5. Leone Evrenos

    I made some more sloe vodka this year as lasts years was divine!! However, I would like to make some liqueur chocolates with the strained and stoned sloes but cannot find a recipe how to do this. Also I was informed by a chocolate mould seller that the alcohol stopped the chocolate from setting! can anyone out there give me some advice? or a recipe! I want to make them with plain choc.

  6. What a great website. Just made my first every blackberry brandy and was looking for some more ideas. Roll on tomorrow – I can see this weeks shopping consisting of vodka and gin.

  7. Just a quick note on the Damson Jack (see above)

    The reason this is ready to bottle/drink that much quicker is because you don’t want to lose the distinctive flavour of the jd.

    My advice is to try at week 1,2,3 and 4 to see which you prefer. You can also add sugar to your taste in these tasting sessions.

    I find end of week two my personal favourite.

    Would love to know if everyone likes this as much as I do??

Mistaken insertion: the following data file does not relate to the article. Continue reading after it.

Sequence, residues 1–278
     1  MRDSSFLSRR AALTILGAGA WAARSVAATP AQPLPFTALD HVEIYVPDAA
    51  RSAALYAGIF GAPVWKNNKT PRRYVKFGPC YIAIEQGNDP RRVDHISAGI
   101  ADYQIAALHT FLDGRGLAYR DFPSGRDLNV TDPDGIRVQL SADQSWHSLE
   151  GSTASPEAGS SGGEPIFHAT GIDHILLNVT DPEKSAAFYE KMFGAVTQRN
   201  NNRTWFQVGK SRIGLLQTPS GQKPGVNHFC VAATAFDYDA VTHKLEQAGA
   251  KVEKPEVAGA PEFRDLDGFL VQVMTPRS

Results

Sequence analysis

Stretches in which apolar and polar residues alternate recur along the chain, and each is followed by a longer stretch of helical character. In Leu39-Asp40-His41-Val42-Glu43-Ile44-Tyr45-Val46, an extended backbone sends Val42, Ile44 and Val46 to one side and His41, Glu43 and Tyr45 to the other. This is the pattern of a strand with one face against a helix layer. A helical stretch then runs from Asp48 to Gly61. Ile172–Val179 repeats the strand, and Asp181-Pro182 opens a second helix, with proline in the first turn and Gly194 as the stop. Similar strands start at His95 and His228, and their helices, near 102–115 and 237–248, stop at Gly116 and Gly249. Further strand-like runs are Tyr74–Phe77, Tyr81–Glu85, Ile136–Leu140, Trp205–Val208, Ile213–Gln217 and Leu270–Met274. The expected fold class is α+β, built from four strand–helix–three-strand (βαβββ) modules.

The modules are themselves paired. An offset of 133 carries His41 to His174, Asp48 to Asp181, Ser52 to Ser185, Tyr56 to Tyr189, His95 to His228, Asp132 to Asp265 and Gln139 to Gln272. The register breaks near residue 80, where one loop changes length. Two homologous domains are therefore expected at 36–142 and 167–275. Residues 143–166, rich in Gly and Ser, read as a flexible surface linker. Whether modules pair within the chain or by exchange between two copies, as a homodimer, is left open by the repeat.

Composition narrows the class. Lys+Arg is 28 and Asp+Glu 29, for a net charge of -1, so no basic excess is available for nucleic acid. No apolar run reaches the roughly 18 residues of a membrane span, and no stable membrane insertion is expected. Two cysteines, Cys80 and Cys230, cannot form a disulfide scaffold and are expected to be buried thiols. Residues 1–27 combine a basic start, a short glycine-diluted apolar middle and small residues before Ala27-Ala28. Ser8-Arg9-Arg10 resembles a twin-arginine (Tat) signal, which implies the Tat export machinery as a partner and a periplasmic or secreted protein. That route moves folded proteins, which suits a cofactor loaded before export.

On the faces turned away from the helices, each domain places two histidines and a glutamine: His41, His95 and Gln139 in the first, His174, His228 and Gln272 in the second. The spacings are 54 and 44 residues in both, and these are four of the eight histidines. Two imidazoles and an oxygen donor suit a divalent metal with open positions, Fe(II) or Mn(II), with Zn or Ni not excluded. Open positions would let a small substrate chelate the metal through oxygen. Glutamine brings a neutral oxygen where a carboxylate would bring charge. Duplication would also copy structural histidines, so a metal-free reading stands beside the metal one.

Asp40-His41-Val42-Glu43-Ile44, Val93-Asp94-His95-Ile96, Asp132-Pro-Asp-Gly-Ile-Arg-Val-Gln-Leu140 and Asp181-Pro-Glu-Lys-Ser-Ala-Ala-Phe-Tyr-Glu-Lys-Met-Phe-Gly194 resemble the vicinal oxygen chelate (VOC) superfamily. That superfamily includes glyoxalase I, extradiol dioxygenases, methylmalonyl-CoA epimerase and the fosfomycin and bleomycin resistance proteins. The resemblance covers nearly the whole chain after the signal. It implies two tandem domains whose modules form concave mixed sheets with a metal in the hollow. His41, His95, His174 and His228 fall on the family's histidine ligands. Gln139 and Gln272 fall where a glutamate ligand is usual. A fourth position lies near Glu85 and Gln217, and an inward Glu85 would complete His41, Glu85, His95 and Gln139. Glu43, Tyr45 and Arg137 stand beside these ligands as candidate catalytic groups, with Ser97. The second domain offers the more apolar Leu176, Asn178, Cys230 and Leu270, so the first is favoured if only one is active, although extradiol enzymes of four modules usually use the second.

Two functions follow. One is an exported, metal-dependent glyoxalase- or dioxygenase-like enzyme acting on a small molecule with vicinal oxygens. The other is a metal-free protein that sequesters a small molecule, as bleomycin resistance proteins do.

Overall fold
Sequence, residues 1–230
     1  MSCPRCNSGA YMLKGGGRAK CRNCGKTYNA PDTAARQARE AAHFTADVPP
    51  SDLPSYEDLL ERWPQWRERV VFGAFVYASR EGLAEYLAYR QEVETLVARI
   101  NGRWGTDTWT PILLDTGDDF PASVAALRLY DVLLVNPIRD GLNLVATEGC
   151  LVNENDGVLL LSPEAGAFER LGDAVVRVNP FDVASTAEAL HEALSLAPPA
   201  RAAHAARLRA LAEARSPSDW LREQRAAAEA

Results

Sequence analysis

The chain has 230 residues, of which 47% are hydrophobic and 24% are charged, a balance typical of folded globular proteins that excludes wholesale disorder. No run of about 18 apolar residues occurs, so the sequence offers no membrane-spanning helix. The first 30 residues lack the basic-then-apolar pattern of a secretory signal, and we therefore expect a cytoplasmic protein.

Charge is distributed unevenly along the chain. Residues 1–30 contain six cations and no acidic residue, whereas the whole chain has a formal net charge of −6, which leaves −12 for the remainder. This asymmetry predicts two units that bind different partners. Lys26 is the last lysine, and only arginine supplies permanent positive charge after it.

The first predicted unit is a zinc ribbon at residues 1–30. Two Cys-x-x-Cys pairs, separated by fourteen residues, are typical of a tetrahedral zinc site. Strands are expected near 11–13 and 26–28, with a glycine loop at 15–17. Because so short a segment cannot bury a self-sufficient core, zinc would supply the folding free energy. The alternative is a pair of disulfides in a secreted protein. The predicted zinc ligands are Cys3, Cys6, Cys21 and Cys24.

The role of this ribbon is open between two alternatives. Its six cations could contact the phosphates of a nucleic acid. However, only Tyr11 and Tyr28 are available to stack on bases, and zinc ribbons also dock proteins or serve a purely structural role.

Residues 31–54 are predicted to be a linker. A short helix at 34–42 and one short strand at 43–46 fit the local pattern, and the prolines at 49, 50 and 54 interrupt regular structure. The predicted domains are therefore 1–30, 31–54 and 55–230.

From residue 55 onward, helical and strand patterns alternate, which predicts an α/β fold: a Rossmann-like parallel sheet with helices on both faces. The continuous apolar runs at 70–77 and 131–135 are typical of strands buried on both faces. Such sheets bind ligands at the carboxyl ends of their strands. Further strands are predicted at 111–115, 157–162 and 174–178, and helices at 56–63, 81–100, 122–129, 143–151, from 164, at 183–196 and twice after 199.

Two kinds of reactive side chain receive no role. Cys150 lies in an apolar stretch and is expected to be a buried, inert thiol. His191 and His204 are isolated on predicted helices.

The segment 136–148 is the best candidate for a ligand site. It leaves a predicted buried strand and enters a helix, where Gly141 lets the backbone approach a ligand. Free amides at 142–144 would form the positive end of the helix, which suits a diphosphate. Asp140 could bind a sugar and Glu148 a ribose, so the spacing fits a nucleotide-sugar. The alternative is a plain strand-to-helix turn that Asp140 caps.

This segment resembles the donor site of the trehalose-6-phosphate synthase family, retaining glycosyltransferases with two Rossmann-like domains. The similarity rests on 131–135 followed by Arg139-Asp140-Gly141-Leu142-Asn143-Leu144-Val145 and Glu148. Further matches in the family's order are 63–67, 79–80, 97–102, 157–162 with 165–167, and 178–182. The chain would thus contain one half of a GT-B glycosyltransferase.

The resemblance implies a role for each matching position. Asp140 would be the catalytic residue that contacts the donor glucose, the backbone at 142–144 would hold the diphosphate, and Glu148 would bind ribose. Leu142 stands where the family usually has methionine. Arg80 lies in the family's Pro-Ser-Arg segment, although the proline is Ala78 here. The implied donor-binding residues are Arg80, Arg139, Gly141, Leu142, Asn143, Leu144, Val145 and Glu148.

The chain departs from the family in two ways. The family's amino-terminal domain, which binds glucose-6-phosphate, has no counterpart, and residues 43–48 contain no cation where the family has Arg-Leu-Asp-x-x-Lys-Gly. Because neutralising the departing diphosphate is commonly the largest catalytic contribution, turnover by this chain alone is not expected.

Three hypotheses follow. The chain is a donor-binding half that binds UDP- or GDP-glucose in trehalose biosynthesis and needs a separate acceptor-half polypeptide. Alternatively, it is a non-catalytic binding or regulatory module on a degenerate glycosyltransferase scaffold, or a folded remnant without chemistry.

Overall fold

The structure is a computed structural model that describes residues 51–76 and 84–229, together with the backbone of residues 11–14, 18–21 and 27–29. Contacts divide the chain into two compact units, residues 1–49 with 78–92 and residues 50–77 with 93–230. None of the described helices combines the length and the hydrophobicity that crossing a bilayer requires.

8. I am still making my drink by putting drink and sloes or other fruits into a container and then straining it through muslin and re bottling it. I haven’t tried to make it into a bottle yet. Im ready to make some more sloe vodka so may try this method.
    My query is that when you pour out the vodka to drink will it be all murky? Thats why i strain mine first.

    The Jack Daniels all ready in a week sounds devine! so quick!

    And thanks . I think its time I bought a decent book to identify all the berries. Im sure Im missing out on some good finds. Many thanks to all x

    • Fiona Nevile

      Hi Maggie

      Our sloe vodka, made in vodka bottles is not all murky. There is a small amount of residue at the bottom of the bottle but nothing to worry about.

      A decent foraging book is a great investment!

  9. Just thought I’d share my find with you all…

    Damson Jack.

    Damsons and Jack Daniels is to die for. Make like Damsons gin or vodka, not too much sugar to start with about 100-120g in a 75cl bottle. Half full bottle of Jack, add sugar and fill to brim with Damsons.

    Can be drunk from a week onwards… I kid you not.(although I’ve found 1 month to be the ideal if you slit the Damsons to get them in the neck of the bottle)

    I tried this as a dare when making Damsons vodka… on my third years production now!!!

  10. You need to be *really* careful, there is a lot of bryony about this year and yes, they are appealing little bunches of red berries.

    Off hand I can’t think of any round red wild berry that isn’t something obvious like a wild cherry (and you won’t see many of those once they ripen) that isn’t inedible -> poisonous.